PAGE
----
The Movie Waffler Blu-Ray Review - THE BIRD WITH THE CRYSTAL PLUMAGE (1970) | The Movie Waffler


The Bird with the Crystal Plumage review
Having witnessed an attempted murder, a writer attempts to discover the would-be killer's identity.

Review by Jason Abbey

Directed by: Dario Argento

Starring: Tony Musante, Suzy Kendall, Enrico Maria Salerno, Eva Renzi, Umberto Raho, Raf Valenti, Mario Adorf
The Bird with the Crystal Plumage arrow video
Dario Argento belongs to that small rarefied group of directors that come straight out of the block fully formed. All the tics and stylistic flourishes are front and present in this, his debut film. If anything, it is more coherent than his later work, marrying the set pieces and sexualised murder scenes to a more coherent and muscular narrative than is the norm for the giallo master.

The Bird with the Crystal Plumage

Like many of the director's works, this focusses on an American writer living in Rome. Sam (Tony Musante) is suffering from writers’ block, prone to wandering the streets at night - and with a taste for booze that implies he may be an incipient alcoholic, he stumbles upon the attempted murder of Monica (Eva Renzi) in a gallery owned by her husband Alberto (Umberto Raho).

Exploring the theme of male impotence, Sam is literally helpless - stuck between two panes of glass, he can only cry out for assistance from a local vagrant. Monica survives the assault, but something about the staging of the scene plagues Sam’s mind, leading him to investigate a string of unsolved murders with just his put-upon girlfriend (Suzy Kendall) and his trusty stuttering pimp sidekick (Gildo di Marco) to help him.

The Bird with the Crystal Plumage

The Bird with the Crystal Plumage feels like a greatest hits package of Argento's later work, only with a more playful touch. Slightly less violent, though still not without sexual overtones, this sometimes plays like a highly-stylised version of Columbo. The key staging of the attempted murder and an attack on Sam's home while Julia is alone are the first flexings of his virtuoso style, but in the main it follows a pretty tight procedural structure, one which never cheats the audience. What it lacks in gonzo visceral storytelling, a la Inferno, it makes up for in narrative coherence.

Musante makes a credible lead, tough enough to withstand the attacks thrown at him but vulnerable and weak enough to make him a conflicted protagonist, a man who has failed in his chance to be the hero. By tracking down the murderer he can get his authorial mojo back and rekindle his interest in Suzy. Argento may throw in another of his 1970s Dick Emery homosexuals into the story, but at least here it serves as a way of questioning the masculinity of Sam. This is crime solving as male narcissism, and when the killer is finally revealed it throws into the light just how confused the need to save his own priapic power has become.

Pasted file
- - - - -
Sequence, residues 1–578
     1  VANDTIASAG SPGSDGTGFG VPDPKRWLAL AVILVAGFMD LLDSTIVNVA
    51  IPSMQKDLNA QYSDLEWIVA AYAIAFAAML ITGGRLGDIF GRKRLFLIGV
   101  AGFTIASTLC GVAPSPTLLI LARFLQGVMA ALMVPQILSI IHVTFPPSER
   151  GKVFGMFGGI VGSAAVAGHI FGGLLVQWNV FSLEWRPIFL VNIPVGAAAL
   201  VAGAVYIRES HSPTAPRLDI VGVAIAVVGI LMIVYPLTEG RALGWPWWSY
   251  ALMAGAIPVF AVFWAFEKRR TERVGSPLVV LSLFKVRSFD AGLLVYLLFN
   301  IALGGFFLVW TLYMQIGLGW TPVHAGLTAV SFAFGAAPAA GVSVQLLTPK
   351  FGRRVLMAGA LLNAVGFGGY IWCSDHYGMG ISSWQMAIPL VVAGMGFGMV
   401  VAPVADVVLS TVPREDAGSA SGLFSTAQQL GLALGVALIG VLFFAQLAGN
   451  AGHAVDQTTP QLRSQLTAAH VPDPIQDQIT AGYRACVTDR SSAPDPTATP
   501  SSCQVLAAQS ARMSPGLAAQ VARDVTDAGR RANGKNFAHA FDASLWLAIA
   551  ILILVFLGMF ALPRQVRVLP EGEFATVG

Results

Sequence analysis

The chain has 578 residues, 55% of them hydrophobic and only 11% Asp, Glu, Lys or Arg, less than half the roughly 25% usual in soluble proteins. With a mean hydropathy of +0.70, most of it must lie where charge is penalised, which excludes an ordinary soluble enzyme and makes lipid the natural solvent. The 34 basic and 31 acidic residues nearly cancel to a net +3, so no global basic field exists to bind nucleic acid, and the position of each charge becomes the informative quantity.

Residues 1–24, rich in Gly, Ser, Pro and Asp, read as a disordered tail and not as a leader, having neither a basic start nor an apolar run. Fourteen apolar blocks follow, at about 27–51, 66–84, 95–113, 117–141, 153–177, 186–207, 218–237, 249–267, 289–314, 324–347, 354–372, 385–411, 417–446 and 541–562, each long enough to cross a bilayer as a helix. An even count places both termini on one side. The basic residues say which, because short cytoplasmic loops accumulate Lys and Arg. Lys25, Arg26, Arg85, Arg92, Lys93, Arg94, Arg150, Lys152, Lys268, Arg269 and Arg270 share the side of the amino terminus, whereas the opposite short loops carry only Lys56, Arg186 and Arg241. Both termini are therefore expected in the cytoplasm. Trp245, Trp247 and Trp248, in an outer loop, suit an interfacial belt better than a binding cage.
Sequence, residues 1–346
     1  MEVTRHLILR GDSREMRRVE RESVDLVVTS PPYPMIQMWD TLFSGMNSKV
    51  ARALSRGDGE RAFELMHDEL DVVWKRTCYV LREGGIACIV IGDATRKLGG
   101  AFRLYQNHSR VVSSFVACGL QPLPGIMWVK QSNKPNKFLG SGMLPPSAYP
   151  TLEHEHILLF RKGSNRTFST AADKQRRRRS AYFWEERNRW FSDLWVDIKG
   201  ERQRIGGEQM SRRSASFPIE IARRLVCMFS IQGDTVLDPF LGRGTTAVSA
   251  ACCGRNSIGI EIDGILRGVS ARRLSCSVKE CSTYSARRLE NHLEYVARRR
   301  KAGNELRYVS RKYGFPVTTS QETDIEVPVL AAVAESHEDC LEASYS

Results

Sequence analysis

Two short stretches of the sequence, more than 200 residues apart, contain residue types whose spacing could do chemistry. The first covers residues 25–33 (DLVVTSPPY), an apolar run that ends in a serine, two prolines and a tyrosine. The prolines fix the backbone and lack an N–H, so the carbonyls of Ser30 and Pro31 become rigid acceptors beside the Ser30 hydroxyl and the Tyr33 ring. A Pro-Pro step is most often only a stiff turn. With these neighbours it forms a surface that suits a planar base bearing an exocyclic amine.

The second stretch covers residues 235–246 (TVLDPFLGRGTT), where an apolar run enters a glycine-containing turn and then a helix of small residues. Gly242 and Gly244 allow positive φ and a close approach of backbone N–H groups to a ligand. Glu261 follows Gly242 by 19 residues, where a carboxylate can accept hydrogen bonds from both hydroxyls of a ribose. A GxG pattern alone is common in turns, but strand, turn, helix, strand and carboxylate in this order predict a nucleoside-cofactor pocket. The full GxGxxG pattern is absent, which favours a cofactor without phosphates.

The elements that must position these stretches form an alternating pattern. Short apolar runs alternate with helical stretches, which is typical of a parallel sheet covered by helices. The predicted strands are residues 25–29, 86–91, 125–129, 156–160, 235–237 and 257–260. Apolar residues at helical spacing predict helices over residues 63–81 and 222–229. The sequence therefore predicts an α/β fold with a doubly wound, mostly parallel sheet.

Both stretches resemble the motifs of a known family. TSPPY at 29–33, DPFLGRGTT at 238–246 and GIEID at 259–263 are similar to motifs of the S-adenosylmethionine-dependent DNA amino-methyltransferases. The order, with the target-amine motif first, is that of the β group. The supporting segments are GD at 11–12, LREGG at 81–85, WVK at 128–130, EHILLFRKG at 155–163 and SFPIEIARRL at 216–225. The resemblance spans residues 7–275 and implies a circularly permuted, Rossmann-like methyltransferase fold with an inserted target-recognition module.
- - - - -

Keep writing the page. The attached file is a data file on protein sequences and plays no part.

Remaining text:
The Bird with the Crystal Plumage

See it for highly stylised, choreographed violence, '70s polyester style in full flow and a nicely tense Ennio Morricone score. It's less baroque than the director's later chillers yet still offers plenty to disturb, but with a nicely off kilter comic touch. The depth may not be quite there yet; this is a film purely designed as a tense thrill ride, playing with perspective and making you uneasy as an audience member. It’s what cinema was made for.

As well as being a distinct improvement in picture quality from Arrow's previous release, it has also been saved from cinematographer Vittorio Storaro’s bizarre choice to have his films released in a 2:1 ratio, which ruined the compositional excellence that is a hallmark of Argento’s work. The main draw in the extras department is a new interview with Argento discussing his debut work, which runs the gamut of arguing with producers and backers and arguing with his lead actor; there is plenty of insight into the production process in Italy and Argento proves to be an engaging interviewee with a good memory. The commentary by Troy Howarth is detailed on the making of the film but repeats a lot of the anecdotes in the director interview.

Of interest are two essays by Alexandra Heller-Nicholas, who looks at patterns and motifs across the director's work, and Kat Ellinger, who looks at both gender fluidity within the work and counters accusations of misogyny in the work of Argento. It is a valuable defence but Argento still has a predilection for camp-as-Christmas gay characters and a queasy sexual predilection to his violence, which is both compelling and disturbing. The psychosexual aspects of his work could be debated in a book length format and still prove inconclusive.

Also included are a new interview with actor Gildo Di Marco and an archival one with Eva Renzi, a couple of trailers and a limited-edition booklet. In this special collector’s edition, you also get six lobby cards and a fold-out double-sided poster. Arrow seem to be going through their early Argento catalogue and radically improving things in both presentation and extras, and this is an indispensable presentation of an important first feature.

The Bird with the Crystal Plumage is available now from Arrow Video on Limited Edition Dual Format Blu-ray & DVD now.